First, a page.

Dominion Glass Company Limited
(1913... )

Demiard - Denis Morin

Traduction française à suivre...

Between 1825 and the turn of the century, a number of glass works were built in Canada and operated for longer or shorter periods depending on the supply of capital, which was rarely excessive.

Those hardy enough to survive were the companies that eventually were merged into one large corporation - today's Dominion Glass Company Limited. The oldest of them was the Foster Brothers Glass Works, set up in St. Johns, Quebec, in 1855 and purchased in 1880 by a group of Montreal businessmen headed by William and David Yuile. The Yuiles, who moved the firm to Montreal, were innovators, and led in the transition from hand operations to automatic glassmaking machinery.

In 1890 they changed the name of their company to Diamond Glass Co. (Ltd.), absorbed four glass companies located as far apart as Nova Scotia and Hamilton, Ont., and continued a vigorous program of expansion. The name was changed again in 1903, this time to Diamond Flint Glass Company, other companies were absorbed, and in 1906 a subsidiary, The Canadian Glass Company, was opened in Montreal and entirely equipped with automatic bottle-making machines. Still another factory was established in 1913 in Redcliff, Alberta, to take advantage of the plentiful supply of natural gas.

The present day organization, Dominion Glass Company Limited, was formed in 1913. It incorporated the Diamond Flint factories in Montreal, Toronto, Hamilton and Redcliff, Canadian Glass in Montreal and Sydenham Glass in Wallaceburg, Ontario, the Manitoba Glass Company and the majority stock of the Jefferson Glass Co. in Toronto.

The Glass Division now consists of factories at Montreal, Hamilton, Wallaceburg, Redcliff, Alta. and Burnaby, B.C. In 1962 the company added a Plastics Division in Etobicoke, Ontario, to offer a greater diversity in its line of containers.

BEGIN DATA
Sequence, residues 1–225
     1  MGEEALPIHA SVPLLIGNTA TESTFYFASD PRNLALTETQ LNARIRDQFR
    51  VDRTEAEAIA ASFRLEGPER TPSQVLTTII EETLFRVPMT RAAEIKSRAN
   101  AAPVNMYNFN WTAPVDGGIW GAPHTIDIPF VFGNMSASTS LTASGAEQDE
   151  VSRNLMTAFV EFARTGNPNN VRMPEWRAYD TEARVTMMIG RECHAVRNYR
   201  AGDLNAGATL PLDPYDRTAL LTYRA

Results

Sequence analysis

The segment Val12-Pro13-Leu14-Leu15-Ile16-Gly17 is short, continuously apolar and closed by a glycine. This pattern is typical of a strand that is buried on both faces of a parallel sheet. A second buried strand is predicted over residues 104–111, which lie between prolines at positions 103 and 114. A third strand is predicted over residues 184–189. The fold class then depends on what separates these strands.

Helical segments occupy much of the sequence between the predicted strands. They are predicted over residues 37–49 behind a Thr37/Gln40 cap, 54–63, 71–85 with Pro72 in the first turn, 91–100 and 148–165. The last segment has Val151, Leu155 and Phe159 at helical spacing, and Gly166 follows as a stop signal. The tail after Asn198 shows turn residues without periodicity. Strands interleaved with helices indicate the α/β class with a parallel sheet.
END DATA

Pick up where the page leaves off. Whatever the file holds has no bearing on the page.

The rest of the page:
From the viewpoint of the historian, Dominion Glass Company Limited is one of the few active Canadian manufacturing establishments which may authoritatively claim to have provided a major contribution to the Canadian decorative arts. Indeed, any and all glass objects, including containers, which were produced in the preceding and extant glass factories during the period 1855-1925 have some claim to artistic beauty, rarity and/or social significance. The free blown, non-commercial glass paperweights, whimsy bird forms and "drapes" which were produced to exhibit an individual command of the medium, depict in three-dimensional form the ethnic and regional origins of specific glass blowers. The commercial containers (i.e., bottles and preserving jars) changed the Canadian housewife's concept of preserving foods and are presently acquired by discriminating collectors and exhibited in the Royal Ontario Museum.

From the technical viewpoint, the era which encompassed an unbroken continuity of ownership included techniques which originated in antiquity and ended with modern and total mechanization. The blowpipe, the pontil rod, the twopiece hand-operated mould, and eventually, the technological mass production of the twentieth century are all included in the growing up of Dominion Glass Company Limited.

From the aesthetic viewpoint, the Burlington Glass Works of Hamilton Ontario (1875-1901), acquired by Diamond Glass Company Limited 1891) provided the Canadian researcher with a new dimension and appreciation of the potential which is inherent in our decorative arts. All too seldom does the recorder of facts accept the premise that our early artisans were not inept, and all too often have we considered our forefathers to have been second-rate and mediocre.

The Burlington Plant of Diamond Glass refuted such concepts and recent discoveries prove that forms and formulae hitherto credited to other sources were produced and designed in Canada.

Source et recherches : Paul Huntley

Révisé 19-03-2011
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